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A new plan in the New York state legislature would start a fund designated to compensating the relatives of the nursing home residents who lost their lives due to Covid-19 in care facilities.

A new proposal in the New York state legislature would establish a $4 billion compensation fund for the relatives of nursing home residents who died of Covid-19 in long-term care facilities during the pandemic. Sponsored by Assemblyman Ron Kim, a prominent critic of former Governor Andrew Cuomo’s administration’s treatment of nursing homes during the pandemic, the bill would give relatives of victims an opportunity to apply for compensation from the state, with applications considered by a board.

Continue reading

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Buffalo Community Healthcare Center has received four fines and over 80 citations in the last four years for failing to prevent accidents from occurring, for lacking proper care for pressure ulcers, and for failing to avert any medication errors.

Buffalo Community Healthcare Center has received 82 citations for violations of public health code between 2017 and 2021, according to New York State Department of Health records accessed on October 1, 2021. The facility has also received four fines totaling $26,000 since 2017. The Buffalo nursing home’s citations resulted from a total of 10 inspections by state surveyors. The deficiencies they describe include the following:

1. The nursing home did not take adequate steps to care for pressure ulcers. Section 483.25 of the Federal Code requires nursing homes to provide a consistent, professional level of care to prevent residents from developing avoidable pressure ulcers and to promote the healing of existing pressure ulcers. An April 2021 citation found that Buffalo Community Healthcare Center failed to ensure such. The citation states specifically that the nursing facility did not provide consistent weekly pressure ulcer assessments by a qualified person for one resident, and did not accurately document Treatment Administration Records. In an interview, a Registered Nurse said that the because the resident’s pressure ulcers were not treated as ordered or documented properly, the resident’s wounds “had the potential to get worse and because of the drainage, the wounds could get infected.” A plan of correction undertaken by the facility included the education of nursing staff.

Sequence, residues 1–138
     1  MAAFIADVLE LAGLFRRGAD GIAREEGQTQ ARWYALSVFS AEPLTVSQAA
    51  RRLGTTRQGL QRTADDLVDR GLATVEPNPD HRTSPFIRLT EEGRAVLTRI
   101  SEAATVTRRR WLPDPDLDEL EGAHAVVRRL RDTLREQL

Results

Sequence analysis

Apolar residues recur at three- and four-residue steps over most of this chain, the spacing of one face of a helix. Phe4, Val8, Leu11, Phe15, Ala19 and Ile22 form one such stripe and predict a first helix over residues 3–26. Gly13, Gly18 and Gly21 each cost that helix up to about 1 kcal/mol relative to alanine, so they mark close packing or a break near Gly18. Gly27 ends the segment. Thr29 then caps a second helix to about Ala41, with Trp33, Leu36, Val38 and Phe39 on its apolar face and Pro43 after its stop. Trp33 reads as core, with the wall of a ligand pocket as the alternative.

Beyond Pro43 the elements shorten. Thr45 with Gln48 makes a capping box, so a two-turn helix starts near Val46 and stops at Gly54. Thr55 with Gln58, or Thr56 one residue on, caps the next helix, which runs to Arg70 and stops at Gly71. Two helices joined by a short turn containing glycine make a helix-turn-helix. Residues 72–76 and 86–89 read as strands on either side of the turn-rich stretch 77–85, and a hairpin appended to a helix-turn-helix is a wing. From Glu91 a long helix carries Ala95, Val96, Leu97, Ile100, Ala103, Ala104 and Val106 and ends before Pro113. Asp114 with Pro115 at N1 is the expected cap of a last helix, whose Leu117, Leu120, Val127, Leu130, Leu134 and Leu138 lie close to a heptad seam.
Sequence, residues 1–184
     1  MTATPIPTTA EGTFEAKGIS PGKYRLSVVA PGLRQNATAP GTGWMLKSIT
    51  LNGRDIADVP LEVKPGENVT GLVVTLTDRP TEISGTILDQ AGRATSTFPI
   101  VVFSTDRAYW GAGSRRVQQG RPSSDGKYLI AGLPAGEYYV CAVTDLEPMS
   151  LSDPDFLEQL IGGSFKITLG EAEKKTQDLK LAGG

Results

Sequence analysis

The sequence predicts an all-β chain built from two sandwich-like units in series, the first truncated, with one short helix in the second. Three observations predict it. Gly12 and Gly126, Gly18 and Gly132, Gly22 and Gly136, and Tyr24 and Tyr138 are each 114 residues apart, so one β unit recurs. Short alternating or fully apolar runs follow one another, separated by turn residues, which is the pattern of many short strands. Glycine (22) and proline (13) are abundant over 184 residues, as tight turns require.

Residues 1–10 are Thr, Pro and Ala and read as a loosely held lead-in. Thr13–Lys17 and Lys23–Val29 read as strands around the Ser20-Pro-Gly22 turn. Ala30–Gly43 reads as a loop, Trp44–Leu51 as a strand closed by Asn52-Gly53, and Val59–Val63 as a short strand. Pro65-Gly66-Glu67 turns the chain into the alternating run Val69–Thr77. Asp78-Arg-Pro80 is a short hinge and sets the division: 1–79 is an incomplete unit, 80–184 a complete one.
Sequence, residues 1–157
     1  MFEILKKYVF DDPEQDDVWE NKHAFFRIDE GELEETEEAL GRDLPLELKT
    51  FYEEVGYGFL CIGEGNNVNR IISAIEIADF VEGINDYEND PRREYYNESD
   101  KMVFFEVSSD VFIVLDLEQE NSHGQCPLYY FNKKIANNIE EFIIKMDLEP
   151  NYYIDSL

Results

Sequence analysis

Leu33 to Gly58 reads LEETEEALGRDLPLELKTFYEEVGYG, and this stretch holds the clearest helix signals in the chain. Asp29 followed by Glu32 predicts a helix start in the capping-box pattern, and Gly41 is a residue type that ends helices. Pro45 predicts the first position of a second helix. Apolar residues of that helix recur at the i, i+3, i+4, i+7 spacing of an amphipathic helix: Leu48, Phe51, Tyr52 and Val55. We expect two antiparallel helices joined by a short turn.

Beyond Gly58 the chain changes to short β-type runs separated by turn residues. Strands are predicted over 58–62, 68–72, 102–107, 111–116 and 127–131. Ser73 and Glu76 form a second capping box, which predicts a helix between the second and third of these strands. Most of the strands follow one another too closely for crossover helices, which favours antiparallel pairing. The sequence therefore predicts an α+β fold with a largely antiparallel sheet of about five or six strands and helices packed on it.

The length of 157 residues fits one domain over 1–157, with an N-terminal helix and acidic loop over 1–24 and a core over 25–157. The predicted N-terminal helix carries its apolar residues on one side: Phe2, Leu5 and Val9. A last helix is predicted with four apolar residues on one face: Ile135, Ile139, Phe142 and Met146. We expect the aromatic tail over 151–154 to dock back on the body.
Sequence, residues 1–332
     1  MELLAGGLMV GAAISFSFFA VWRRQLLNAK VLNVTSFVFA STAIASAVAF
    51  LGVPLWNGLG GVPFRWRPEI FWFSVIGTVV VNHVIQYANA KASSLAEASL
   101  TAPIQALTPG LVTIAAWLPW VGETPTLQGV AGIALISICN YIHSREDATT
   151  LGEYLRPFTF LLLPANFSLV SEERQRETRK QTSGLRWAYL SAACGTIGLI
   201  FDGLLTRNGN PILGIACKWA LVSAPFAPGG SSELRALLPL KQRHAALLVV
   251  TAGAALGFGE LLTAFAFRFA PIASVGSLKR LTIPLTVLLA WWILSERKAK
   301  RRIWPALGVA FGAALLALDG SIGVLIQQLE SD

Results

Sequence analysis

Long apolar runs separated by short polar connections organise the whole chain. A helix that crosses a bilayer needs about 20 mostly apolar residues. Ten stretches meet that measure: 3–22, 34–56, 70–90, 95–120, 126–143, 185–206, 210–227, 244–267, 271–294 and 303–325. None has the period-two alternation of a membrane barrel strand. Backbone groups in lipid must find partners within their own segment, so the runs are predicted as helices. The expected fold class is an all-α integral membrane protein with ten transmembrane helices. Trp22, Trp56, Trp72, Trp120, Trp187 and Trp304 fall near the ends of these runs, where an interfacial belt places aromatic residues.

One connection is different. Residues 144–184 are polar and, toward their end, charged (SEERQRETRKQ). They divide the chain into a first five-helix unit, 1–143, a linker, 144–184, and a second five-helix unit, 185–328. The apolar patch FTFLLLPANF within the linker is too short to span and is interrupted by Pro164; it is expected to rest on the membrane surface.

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The Ellicott Center for Rehabilitation and Nursing has received over 70 citations in the last four years for failing to arrange proper accident prevention among patients, lacking sufficient care for pressure ulcers, and for failing to avert any medication errors.

Ellicott Center for Rehabilitation and Nursing has received 72 citations for violations of public health code between 2017 and 2021, according to New York State Department of Health records accessed on October 1, 2021. The facility has also received five fines totaling $40,000 since 2011. The Buffalo nursing home’s citations resulted from a total of 13 inspections by state surveyors. The deficiencies they describe include the following:

1. The nursing home did not provide adequate accident-prevention measures. Section 483.25 of the Federal Code requires nursing homes to ensure residents an accident-free environment. A February 2020 citation found that Ellicott Center for Rehabilitation and Nursing failed to ensure such. The citation specifically describes an instance in which the facility failed to ensure a shower chair lift fit through a shower room doorway. As a result, a resident “sustained a leg laceration, was transferred to the hospital and required 18 sutures.” In a separate incident, a resident was transferred without the use of a mechanical lift or safety devices as planned, and consequently suffered “actual harm” A plan of correction undertaken by the facility included the counseling of nursing staff.